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Measles Killed 207,500 People In 2019, Low Vaccine Coverage Main Reason For Deaths: WHO

Measles killed an estimated 207,500 people last year after a decade-long failure to reach optimal vaccination coverage, the World Health Organization (WHO) said

Measles killed 207,500 people in 2019, low vaccine coverage main reason behind deaths: WHO

Measles killed an estimated 207,500 people last year after a decade-long failure to reach optimal vaccination coverage, the World Health Organization (WHO) and US Centers for Disease Control (CDC) said in a joint report on November 13. The annual death toll of Measles in 2019 surged to 50 per cent higher than its all-time low in 2016. Measles, which is defined as a “highly contagious” viral infection has led to over 869,770 fatalities since its detection.

While the last year’s death toll reached highest in 23 years, experts have said that infection is considerably lesser this year. However, the ongoing coronavirus pandemic has further set back vaccination efforts,” with more than 94 million people at risk of missing measles vaccines in 26 countries that have paused their vaccination campaigns,” the report said.

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Read: UN: 870K Measles Cases In 2019, Highest Number In 23 Years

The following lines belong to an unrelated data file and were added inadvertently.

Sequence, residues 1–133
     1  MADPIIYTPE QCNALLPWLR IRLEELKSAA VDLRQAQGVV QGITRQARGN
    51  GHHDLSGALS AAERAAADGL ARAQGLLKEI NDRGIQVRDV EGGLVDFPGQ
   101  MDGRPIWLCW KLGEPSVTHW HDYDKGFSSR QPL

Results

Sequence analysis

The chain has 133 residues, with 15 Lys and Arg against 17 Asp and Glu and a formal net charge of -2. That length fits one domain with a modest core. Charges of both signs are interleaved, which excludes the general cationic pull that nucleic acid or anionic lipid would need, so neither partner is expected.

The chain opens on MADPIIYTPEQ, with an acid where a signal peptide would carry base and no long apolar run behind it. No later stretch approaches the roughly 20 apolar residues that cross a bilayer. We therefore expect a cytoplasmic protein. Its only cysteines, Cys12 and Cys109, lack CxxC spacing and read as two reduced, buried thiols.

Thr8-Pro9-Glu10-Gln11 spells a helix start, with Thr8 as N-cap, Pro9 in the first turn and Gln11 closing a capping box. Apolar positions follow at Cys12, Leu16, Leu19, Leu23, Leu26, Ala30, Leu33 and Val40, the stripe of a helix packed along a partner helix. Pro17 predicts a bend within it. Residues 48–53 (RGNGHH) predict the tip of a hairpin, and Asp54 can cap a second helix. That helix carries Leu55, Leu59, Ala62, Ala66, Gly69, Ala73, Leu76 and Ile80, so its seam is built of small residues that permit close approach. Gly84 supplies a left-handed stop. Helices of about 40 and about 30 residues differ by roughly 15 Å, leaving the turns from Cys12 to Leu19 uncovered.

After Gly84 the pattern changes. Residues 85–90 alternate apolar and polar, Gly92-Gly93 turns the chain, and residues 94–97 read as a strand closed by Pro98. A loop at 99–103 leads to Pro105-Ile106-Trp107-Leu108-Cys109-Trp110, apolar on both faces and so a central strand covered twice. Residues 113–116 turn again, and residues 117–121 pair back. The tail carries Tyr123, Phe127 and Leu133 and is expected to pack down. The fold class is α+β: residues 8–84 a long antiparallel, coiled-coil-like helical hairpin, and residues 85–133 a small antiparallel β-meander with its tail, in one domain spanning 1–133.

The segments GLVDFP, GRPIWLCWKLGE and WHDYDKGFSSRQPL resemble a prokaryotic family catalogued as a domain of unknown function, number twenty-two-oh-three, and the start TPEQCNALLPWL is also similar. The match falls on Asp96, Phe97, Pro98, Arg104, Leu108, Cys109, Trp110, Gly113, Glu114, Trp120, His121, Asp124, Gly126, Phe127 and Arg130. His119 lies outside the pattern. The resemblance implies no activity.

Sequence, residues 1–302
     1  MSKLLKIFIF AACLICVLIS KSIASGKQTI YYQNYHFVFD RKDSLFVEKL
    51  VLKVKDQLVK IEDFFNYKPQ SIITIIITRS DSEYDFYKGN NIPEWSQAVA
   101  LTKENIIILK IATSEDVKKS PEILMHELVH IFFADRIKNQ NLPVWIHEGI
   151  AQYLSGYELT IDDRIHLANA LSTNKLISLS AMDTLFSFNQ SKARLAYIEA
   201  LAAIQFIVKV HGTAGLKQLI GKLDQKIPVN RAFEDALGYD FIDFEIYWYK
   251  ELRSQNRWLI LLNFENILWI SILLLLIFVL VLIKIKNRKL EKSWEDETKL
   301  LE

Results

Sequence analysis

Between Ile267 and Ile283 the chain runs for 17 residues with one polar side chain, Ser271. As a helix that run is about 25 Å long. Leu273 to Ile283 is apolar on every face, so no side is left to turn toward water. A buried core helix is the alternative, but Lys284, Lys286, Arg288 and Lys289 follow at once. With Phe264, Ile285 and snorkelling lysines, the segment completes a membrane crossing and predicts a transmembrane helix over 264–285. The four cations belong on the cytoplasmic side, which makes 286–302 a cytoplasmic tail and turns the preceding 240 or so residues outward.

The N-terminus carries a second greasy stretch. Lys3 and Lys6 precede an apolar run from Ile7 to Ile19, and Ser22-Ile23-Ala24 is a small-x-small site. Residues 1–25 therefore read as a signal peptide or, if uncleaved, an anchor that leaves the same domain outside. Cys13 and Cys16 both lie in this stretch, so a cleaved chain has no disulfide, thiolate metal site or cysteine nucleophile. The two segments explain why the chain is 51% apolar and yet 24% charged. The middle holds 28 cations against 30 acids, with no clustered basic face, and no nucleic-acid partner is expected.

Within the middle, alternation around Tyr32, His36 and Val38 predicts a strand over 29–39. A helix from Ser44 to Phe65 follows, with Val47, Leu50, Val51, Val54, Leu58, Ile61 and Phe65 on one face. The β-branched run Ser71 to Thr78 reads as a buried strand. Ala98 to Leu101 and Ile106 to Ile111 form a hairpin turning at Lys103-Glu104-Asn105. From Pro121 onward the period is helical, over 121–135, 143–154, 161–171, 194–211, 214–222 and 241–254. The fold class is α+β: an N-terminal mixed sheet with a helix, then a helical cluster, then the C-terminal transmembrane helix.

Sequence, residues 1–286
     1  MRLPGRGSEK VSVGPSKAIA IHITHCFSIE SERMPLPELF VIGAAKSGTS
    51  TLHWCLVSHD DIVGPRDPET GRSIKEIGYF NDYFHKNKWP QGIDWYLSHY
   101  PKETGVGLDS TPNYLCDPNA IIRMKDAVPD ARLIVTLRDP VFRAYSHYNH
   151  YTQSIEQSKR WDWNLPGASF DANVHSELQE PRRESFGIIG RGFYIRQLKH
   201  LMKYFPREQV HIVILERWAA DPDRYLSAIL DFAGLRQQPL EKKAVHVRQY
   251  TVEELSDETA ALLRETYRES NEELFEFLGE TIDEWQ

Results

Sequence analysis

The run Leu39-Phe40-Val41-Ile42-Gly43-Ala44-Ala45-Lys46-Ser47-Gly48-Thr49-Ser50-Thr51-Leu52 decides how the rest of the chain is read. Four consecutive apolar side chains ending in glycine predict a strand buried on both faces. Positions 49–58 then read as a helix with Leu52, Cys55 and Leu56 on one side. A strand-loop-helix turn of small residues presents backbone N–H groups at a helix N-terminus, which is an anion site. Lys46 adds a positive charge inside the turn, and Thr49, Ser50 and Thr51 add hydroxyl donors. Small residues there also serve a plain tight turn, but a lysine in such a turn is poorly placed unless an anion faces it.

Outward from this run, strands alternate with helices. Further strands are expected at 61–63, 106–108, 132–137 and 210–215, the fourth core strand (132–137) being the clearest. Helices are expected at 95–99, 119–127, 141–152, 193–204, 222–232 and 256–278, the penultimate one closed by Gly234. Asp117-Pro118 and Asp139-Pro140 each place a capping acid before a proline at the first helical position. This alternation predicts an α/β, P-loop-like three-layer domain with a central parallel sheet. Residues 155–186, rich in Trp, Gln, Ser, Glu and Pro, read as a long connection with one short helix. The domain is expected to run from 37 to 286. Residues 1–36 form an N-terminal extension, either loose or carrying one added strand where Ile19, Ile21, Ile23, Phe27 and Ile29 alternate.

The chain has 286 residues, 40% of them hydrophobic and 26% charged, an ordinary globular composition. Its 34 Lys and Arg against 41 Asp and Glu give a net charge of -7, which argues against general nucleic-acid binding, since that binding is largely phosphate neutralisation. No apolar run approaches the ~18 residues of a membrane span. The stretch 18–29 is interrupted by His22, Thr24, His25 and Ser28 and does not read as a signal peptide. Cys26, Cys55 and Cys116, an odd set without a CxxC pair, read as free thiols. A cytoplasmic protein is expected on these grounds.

‘It hasn’t gone away’

"Before there was a coronavirus crisis, the world was grappling with a measles crisis, and it has not gone away. While health systems are strained by the COVID-19 pandemic, we must not allow our fight against one deadly disease to come at the expense of our fight against another.” Henrietta Fore, UN Children’s Fund (UNICEF) Executive Director, said in a statement.

According to WHO, measles is entirely preventable, however for success, it requires 95 per cent of children to be vaccinated on time with two doses of measles-containing vaccine – MCV1 or MCV 2. While the vaccine has saved over 25.5 million lives globally since 2000, its low coverage meant the number of unprotected children was growing every year, Natasha Crowcroft, senior technical advisor on measles and Rubella said. Elaborating further upon the reason for low coverage, she asserted that weak health systems in addition to the inability to reach children were the main problem globally. However, some countries were increasingly seeing a rise in vaccine hesitancy making the problem worse.

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